Energy services giant Wood Group today said it was adopting a “more cautious” outlook for the remainder of the year after seeing a weaker-than-expected performance during the first half.
The Aberdeen-based group, which earlier this month had its £2.2 billion takeover of rival engineer Amec Foster Wheeler approved by shareholders, said it had seen only a “modest” recovery in some areas of its core oil and gas market.
“Robust activity in the west including improved performance in offshore greenfield project engineering and commissioning is being more than offset by weaker activity in the east, where we have seen a further reduction in projects and modifications work, particularly in the North Sea,” Wood said in a trading update.
“The impact of the tougher pricing environment in 2016, partially offset by the enduring benefit of structural cost reductions achieved in the last two years, will result in a reduction in first-half margin as expected.”
However, the group told investors that its balance sheet remains strong – although its debt-to-earnings ratio is at the upper end of its preferred range, reflecting last month’s acquisition of US automation and controls firm CEC, which counts car-maker General Motors among its clients.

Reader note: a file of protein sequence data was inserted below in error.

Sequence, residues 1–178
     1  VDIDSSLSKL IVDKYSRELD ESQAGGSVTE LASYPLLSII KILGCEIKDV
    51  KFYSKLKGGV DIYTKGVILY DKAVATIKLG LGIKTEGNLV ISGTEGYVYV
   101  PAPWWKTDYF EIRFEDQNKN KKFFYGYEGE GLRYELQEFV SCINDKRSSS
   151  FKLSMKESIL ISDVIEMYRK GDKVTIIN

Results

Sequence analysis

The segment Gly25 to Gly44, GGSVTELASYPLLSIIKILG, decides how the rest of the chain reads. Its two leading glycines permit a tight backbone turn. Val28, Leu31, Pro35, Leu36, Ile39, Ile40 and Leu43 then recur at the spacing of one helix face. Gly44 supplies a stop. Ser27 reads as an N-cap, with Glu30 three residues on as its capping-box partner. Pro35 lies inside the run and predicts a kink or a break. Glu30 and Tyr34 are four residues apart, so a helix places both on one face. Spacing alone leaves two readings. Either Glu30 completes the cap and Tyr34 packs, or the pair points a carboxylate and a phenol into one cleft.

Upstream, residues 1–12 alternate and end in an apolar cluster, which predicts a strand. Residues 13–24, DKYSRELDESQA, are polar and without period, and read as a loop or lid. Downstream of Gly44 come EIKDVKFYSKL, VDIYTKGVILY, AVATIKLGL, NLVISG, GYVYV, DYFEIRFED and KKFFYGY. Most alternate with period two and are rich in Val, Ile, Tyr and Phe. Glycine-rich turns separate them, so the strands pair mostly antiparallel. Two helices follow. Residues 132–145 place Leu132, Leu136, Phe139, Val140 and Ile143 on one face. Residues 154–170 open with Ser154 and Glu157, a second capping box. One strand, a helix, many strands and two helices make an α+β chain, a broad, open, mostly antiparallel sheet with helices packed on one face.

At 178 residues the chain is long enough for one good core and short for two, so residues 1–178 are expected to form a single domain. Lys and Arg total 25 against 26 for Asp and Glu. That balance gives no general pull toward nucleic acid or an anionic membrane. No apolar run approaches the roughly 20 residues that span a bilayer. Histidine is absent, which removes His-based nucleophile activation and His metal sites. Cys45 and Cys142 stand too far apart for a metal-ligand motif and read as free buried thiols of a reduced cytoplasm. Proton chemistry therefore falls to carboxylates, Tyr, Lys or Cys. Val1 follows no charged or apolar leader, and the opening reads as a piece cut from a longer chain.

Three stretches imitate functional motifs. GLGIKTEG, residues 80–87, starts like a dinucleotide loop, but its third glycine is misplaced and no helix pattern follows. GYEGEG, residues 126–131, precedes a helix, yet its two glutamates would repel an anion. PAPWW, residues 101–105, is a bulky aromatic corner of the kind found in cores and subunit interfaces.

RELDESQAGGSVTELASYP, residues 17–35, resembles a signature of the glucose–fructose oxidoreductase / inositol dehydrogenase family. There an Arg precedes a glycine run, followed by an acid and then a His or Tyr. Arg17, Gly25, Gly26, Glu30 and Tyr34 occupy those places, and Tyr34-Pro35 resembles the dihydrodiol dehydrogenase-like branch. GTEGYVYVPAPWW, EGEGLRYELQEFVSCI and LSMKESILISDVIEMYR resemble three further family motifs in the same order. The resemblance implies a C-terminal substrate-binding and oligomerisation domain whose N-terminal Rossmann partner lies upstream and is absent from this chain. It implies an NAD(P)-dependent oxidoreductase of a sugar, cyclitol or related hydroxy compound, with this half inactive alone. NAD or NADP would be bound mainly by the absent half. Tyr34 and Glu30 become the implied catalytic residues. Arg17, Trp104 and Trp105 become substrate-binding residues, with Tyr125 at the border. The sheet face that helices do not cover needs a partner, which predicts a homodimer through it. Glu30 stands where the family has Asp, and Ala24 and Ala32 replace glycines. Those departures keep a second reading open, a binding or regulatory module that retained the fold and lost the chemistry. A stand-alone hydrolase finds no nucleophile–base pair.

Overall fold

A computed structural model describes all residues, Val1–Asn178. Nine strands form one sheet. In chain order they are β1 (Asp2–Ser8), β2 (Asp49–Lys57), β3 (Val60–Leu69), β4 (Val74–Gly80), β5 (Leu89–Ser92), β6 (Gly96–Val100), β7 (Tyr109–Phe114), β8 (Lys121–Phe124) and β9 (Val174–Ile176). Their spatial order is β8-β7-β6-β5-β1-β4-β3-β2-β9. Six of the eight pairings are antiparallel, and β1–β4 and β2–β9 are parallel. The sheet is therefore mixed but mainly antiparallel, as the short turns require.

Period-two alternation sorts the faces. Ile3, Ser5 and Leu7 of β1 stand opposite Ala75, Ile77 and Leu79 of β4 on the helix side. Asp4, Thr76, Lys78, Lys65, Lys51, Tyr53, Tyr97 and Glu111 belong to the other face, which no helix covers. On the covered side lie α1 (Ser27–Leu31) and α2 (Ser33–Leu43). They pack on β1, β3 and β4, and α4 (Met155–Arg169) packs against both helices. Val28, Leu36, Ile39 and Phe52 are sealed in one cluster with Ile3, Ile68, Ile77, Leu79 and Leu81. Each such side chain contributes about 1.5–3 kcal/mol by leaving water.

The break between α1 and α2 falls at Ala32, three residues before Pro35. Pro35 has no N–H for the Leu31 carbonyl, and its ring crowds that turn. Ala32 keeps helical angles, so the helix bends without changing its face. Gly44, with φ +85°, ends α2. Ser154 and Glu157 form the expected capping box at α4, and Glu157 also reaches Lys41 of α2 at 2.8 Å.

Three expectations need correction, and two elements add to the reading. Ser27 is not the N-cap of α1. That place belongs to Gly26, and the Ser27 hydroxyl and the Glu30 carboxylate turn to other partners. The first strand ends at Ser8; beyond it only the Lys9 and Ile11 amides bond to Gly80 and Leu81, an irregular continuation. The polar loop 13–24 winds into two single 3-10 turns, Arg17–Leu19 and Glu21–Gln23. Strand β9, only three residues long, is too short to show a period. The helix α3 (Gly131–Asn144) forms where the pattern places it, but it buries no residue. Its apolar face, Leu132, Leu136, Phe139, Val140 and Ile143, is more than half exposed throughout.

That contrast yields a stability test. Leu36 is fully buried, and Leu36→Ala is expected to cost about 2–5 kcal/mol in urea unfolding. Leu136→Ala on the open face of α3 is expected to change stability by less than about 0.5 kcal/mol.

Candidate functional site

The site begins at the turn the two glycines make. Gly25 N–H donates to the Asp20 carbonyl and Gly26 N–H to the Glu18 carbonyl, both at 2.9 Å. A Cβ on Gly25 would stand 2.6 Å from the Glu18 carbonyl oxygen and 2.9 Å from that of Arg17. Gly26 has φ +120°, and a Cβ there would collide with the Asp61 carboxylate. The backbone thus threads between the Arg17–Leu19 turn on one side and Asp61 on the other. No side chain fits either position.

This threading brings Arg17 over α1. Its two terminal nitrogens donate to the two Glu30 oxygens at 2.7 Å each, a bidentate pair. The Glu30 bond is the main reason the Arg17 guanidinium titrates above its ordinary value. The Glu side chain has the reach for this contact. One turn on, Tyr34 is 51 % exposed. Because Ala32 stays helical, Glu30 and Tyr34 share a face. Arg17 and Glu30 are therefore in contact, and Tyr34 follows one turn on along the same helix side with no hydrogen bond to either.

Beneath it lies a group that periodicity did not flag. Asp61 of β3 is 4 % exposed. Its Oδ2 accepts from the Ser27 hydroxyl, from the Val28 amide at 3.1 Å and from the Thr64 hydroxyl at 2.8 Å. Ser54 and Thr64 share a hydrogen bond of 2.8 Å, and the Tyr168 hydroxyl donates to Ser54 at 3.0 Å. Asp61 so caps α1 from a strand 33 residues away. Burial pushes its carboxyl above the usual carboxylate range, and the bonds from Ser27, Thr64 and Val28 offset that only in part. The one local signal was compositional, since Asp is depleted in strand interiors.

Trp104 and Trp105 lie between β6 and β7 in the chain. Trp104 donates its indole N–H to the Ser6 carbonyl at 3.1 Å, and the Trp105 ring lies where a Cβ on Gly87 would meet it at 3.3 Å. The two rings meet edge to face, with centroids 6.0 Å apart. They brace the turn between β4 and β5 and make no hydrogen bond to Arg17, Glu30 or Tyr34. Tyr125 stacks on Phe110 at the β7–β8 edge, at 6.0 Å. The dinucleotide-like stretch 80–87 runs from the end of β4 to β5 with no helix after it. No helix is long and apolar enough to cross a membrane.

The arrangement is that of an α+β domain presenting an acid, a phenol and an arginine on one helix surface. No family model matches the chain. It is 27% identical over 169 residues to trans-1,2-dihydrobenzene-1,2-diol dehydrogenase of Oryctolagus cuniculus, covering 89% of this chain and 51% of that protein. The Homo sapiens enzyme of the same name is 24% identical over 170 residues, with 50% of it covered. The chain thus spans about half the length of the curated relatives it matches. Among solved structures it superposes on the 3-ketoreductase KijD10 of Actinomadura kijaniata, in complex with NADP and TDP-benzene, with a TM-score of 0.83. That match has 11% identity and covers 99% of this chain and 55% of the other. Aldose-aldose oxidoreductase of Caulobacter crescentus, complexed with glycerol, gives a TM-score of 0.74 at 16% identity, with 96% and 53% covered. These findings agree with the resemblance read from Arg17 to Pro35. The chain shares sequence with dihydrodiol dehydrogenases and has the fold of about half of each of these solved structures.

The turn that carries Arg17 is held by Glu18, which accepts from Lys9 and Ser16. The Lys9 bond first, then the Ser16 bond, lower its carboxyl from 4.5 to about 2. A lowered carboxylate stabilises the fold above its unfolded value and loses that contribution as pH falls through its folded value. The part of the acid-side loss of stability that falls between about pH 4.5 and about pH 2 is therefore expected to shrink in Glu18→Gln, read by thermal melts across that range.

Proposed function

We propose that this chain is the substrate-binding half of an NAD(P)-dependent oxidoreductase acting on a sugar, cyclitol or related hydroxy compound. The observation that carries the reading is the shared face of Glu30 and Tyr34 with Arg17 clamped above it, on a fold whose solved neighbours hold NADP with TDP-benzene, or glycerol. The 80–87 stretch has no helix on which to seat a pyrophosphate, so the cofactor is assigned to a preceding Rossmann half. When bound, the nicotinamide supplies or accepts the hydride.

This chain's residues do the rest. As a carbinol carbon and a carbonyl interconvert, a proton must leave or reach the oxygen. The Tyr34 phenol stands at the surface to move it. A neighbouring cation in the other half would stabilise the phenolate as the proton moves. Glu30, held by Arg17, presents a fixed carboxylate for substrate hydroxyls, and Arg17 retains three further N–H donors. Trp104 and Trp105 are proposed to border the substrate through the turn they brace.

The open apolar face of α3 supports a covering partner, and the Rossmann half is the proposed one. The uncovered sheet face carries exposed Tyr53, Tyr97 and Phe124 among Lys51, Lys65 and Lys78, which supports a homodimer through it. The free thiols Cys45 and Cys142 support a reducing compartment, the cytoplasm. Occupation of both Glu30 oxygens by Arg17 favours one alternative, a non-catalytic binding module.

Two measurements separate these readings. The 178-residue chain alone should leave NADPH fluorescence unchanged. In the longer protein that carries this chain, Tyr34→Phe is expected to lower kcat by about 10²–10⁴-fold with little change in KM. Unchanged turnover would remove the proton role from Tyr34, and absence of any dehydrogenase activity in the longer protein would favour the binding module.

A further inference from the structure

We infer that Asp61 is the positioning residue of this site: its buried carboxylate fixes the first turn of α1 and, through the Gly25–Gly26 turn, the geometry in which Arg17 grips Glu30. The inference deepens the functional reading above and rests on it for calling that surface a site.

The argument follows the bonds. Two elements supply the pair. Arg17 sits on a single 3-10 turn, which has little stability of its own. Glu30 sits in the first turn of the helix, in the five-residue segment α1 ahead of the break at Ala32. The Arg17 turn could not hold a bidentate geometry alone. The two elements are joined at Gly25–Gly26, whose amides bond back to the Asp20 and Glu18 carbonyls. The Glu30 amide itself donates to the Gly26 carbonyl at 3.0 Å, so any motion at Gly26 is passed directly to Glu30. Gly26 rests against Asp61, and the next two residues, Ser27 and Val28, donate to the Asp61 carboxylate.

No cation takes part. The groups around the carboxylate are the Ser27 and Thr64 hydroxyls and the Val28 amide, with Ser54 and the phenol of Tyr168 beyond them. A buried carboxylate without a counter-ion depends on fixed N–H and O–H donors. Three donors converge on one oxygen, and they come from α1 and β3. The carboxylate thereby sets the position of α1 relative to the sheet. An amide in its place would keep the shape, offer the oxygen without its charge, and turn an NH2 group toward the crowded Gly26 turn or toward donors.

• READ MORE: Wood Group in $59m swoop for US automation firm CEC
Following shareholder approval on 15 June, Wood expects to complete its purchase of Amec in the fourth quarter, subject to clearance from competition regulators.
Addressing current trading, the group added: “First-half performance is down on 2016 and weaker than anticipated. We are more cautious on the full year outlook but anticipate a stronger second half.”
The update came as it announced a multimillion-dollar contract with Husky Energy to complete detailed engineering for the topsides of White Rose, an offshore wellhead platform planned for eastern Canada.
• The North Sea’s fortunes received a further boost yesterday as Repsol Sinopec said it had started gas production from a new field, writes Scott Reid.
The Cayley gas field will, together with the adjoining Godwin and Shaw fields, reach a peak production equivalent to 40,000 barrels of oil a day, the firm added.
The fields feed into the existing Montrose facilities, in a move that will extend their life to beyond 2030.
Brian Winton, general manager, Montrose and Arbroath, said: “Safe and successful delivery of these fields is a great achievement for Repsol Sinopec and underlines the transformation of our business.”
He added: “We can now look forward to hub production from Montrose for another 15 years.”
The announcement came just days after EnQuest started oil production from its 50,000 barrels-per-day Kraken project, which lies some 80 miles east of Shetland.